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Reviewers: Tony Augarde [Editor], Steve Arloff, Nick Barnard, Pierre Giroux, Don Mather, Glyn Pursglove, George Stacy, Sam Webster, Jonathan Woolf



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CY LAURIE

A Jazz Club Session

Lake LACD 284

 

 


1. Snake Rag
2. Old Fashioned Love
3. Forty and Tight
4. Up a Lazy River
5. Chinatown
6. Cakewalkin' Babies from Home
7. Sweet Georgia Brown
8. Ace in the Hole
9. Blue Blood Blues
10. Weary Blues
11. Jungle Blues
12. Alligator Hop
13. Wild Man Blues
14. King of the Zulus

Tracks 1-10
Cy Laurie - Clarinet
Dennis Field - Trumpet, vocals
Terry Pitts - Trombone
Hugh Rainey - Banjo
Peter Corrigan - Bass
Phil Franklin - Drums
Tracks 11-14
Cy Laurie - Clarinet
Colin Smith - Trumpet
Terry Pitts - Trombone
Ron Weatherburn - Piano
Wayne Chandler - Banjo
Stan Leader - Bass
Ernie O'Malley - Drums

 

This is the second volume of a compilation taken from recordings made at the Dancing Slipper club in Nottingham by resident sound engineer Allan Gilmour. The first volume was Lake Records' best-selling album by Cy Laurie, so enthusiasts will probably snap this up as well. Being taped at a club session means that the recordings have their faults, like the glitch which the sleeve-note acknowledges in the vocal on Ace in the Hole, where the volume seems to vary as well.

Nevertheless, the recordings capture the atmosphere of a jazz club. Cy Laurie, who died in 2002, formed his septet in 1951: well before the "Trad Boom" of the late fifties. He promoted his brand of revivalist jazz by running his own jazz clubs in London but then mysteriously went off to India in 1960 to study with the Maharishi Mahesh Yogi. The recordings on this disc largely date from around 1968, after he had returned and re-formed his own band. His clarinet style emulated Johnny Dodds and he was a devotee of what was considered the authentic style of New Orleans rather than the newer "trad" sound.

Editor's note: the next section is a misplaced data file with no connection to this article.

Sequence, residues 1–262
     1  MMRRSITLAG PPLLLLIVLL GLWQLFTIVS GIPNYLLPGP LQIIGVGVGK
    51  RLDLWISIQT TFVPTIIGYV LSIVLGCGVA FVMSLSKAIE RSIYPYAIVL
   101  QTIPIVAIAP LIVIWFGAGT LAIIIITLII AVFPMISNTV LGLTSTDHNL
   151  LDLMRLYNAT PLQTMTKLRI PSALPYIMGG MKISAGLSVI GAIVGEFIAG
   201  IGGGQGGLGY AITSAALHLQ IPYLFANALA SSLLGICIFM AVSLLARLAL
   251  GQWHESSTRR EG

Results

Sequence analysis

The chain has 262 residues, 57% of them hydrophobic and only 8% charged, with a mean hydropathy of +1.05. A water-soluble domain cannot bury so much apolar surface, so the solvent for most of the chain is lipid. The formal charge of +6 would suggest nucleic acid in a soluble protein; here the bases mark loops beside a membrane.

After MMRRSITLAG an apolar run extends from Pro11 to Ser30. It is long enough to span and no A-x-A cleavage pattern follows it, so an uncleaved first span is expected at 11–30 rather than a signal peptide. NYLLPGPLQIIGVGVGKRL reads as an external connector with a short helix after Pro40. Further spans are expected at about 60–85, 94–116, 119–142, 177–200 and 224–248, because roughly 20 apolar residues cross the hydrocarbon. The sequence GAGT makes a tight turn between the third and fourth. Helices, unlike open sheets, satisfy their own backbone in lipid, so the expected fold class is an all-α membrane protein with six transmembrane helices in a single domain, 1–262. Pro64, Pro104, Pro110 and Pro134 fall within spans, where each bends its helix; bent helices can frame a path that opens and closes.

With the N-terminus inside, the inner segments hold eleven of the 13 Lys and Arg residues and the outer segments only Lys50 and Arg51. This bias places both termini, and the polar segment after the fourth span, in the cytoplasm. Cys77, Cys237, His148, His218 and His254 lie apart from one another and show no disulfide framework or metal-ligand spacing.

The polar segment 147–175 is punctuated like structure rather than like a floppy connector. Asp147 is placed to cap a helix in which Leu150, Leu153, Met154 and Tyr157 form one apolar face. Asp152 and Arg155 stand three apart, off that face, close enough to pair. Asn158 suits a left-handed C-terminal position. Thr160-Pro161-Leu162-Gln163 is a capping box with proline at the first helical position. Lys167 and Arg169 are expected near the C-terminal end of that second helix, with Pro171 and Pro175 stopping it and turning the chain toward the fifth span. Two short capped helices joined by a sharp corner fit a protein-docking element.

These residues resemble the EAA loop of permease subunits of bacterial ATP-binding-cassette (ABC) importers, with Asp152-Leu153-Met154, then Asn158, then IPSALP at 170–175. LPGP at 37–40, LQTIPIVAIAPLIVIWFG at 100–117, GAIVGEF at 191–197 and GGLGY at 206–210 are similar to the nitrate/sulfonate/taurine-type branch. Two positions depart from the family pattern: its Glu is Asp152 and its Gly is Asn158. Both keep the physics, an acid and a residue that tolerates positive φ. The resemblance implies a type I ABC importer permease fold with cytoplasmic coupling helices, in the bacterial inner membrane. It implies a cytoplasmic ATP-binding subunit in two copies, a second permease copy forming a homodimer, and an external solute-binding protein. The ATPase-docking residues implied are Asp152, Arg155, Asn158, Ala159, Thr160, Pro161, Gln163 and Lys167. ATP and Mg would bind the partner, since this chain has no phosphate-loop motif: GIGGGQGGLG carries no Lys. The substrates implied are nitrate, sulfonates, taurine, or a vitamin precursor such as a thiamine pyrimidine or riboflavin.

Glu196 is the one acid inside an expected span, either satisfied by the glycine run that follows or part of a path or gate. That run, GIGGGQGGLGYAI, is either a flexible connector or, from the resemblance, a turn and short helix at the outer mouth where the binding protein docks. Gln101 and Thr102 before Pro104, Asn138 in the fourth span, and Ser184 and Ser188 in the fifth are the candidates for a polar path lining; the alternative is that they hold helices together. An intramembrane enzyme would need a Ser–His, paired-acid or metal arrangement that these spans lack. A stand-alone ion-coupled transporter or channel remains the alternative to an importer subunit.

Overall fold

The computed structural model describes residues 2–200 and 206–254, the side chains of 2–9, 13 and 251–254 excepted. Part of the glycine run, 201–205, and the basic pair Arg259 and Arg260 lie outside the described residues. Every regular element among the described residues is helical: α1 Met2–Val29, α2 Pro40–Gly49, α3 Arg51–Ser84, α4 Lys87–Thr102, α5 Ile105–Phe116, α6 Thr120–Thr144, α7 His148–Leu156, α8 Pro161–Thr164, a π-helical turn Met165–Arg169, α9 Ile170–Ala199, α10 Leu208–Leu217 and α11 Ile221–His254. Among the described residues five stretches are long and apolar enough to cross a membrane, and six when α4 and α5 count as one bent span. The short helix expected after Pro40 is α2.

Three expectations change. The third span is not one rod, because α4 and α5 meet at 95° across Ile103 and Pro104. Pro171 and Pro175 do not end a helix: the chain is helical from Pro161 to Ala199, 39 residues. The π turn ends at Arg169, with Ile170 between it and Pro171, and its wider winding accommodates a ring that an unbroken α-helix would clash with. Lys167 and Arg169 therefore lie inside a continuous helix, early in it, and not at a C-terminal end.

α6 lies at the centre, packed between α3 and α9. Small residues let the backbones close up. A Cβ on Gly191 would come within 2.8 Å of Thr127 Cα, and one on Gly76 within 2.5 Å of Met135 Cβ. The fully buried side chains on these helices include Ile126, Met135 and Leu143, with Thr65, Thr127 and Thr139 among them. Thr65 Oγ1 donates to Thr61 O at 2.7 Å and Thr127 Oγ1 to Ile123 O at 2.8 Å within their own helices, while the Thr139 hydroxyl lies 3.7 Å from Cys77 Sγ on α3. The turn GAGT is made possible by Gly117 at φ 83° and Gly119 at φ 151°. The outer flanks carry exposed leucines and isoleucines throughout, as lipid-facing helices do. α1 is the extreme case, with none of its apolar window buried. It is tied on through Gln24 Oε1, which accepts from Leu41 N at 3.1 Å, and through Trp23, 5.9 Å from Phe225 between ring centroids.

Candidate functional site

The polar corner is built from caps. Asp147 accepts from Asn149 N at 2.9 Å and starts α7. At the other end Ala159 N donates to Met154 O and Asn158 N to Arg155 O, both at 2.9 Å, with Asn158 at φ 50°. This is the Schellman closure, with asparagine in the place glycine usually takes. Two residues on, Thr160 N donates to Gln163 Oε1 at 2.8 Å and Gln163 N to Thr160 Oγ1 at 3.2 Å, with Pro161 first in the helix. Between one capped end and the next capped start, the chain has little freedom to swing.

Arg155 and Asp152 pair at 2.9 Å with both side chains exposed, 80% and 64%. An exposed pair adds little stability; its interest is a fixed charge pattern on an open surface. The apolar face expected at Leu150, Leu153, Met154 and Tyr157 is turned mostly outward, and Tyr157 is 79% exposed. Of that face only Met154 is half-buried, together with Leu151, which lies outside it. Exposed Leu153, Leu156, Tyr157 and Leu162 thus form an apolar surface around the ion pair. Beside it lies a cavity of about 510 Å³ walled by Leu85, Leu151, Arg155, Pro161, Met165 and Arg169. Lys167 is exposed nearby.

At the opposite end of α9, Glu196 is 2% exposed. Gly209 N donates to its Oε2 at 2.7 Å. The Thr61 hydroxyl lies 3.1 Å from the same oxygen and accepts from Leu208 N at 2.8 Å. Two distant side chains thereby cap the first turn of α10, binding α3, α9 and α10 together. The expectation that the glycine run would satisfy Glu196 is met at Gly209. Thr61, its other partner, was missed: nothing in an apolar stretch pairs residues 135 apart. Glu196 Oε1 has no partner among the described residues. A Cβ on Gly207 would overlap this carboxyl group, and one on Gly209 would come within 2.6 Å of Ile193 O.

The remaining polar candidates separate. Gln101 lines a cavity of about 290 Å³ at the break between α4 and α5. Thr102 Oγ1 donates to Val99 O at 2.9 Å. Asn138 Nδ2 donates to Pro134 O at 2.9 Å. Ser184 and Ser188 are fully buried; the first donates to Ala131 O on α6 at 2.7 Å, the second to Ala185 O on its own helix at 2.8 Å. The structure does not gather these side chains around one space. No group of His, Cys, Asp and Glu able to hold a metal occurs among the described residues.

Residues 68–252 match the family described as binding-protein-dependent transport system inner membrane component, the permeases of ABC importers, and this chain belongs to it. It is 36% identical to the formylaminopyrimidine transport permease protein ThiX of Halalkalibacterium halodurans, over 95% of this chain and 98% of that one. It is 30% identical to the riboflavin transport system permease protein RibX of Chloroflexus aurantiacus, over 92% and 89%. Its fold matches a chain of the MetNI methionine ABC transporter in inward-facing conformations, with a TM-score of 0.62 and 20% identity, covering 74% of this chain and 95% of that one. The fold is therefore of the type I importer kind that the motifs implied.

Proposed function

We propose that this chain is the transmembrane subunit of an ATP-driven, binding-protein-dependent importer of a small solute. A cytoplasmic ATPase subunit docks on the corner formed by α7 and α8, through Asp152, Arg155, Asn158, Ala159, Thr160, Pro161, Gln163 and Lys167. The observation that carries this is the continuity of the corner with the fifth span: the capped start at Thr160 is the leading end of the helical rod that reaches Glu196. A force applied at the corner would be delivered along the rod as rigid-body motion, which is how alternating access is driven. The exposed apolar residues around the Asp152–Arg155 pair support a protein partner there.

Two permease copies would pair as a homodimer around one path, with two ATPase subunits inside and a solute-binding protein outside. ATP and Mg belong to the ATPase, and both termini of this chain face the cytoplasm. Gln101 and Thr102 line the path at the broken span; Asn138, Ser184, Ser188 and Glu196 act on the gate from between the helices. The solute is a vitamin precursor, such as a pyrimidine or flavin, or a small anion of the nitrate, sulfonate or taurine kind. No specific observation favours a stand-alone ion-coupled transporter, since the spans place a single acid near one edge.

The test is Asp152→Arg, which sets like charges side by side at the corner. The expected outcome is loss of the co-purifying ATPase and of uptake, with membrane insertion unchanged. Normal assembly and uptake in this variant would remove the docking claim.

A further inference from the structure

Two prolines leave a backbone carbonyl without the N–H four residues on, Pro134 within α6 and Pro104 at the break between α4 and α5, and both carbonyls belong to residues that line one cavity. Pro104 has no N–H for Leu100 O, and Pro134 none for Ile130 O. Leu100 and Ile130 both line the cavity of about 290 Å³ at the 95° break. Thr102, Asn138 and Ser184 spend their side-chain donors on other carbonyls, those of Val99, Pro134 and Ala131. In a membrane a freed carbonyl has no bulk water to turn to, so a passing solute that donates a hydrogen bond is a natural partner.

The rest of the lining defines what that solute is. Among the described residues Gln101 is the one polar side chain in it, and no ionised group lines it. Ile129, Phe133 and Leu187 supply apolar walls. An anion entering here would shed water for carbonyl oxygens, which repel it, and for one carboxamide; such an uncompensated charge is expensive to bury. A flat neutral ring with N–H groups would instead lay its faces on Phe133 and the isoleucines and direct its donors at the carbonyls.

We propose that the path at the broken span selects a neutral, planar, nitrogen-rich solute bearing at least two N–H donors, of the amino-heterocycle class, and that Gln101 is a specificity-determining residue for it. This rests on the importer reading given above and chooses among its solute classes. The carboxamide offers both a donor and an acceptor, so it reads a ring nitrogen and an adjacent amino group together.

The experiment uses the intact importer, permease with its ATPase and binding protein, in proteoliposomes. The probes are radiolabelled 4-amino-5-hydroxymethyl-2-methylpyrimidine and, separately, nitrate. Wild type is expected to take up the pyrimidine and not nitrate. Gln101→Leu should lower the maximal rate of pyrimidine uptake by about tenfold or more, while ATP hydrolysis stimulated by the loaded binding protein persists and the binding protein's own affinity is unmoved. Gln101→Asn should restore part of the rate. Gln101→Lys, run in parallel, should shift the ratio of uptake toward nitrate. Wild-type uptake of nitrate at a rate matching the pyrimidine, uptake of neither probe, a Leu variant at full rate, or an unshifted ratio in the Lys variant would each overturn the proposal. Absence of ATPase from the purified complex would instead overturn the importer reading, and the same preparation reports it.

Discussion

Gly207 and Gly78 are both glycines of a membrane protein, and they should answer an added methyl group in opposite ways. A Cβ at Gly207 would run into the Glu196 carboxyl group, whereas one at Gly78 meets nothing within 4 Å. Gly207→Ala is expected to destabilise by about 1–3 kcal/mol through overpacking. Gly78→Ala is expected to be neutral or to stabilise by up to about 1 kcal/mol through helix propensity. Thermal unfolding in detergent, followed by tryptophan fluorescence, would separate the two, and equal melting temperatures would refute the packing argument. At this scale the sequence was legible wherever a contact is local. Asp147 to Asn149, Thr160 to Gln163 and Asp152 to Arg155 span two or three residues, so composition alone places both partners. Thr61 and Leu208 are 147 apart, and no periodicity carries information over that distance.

However, this band sounds very like many other trad bands, and the repertoire includes such tried-and-trusted tunes as Snake Rag and Cakewalkin' Babies from Home. Laurie was not actually the strongest musician in his band - indeed, Sandy Brown described him as "inept but desperately sincere", although his playing here captures well the Johnny Dodds mood. Forty and Tight is a feature for Laurie with the rhythm section which displays his enthusiasm and his wide vibrato but also his sometimes dodgy intonation.

The stars of this album are actually trombonist Terry Pitts and trumpeter Dennis Field (although the latter's sub-Armstrong vocals are only of the passable nature of so many trad singers). Terry's trombone solo on Up a Lazy River flows as beautifully as a placid stream, and Dennis plays memorably on such tracks as Up a Lazy River and Blue Blood Blues. Banjoist Hugh Rainey contributes some worthwhile solos, notably on Sweet Georgia Brown.

The last four tracks date from ten years earlier and they were made for the Parlophone label. The recorded sound seems colder and more clinical than the warm ambience of the 1968 tracks. The repertoire is less adventurous, staying within the boundaries of the Morton, Oliver and Armstrong ambit, and the band is closer to revivalism than trad - concentrating on ensembles rather than solos. So trad fans may not like these four items as much as the others, although purists in the Ken Colyer mould will probably prefer them.

Tony Augarde



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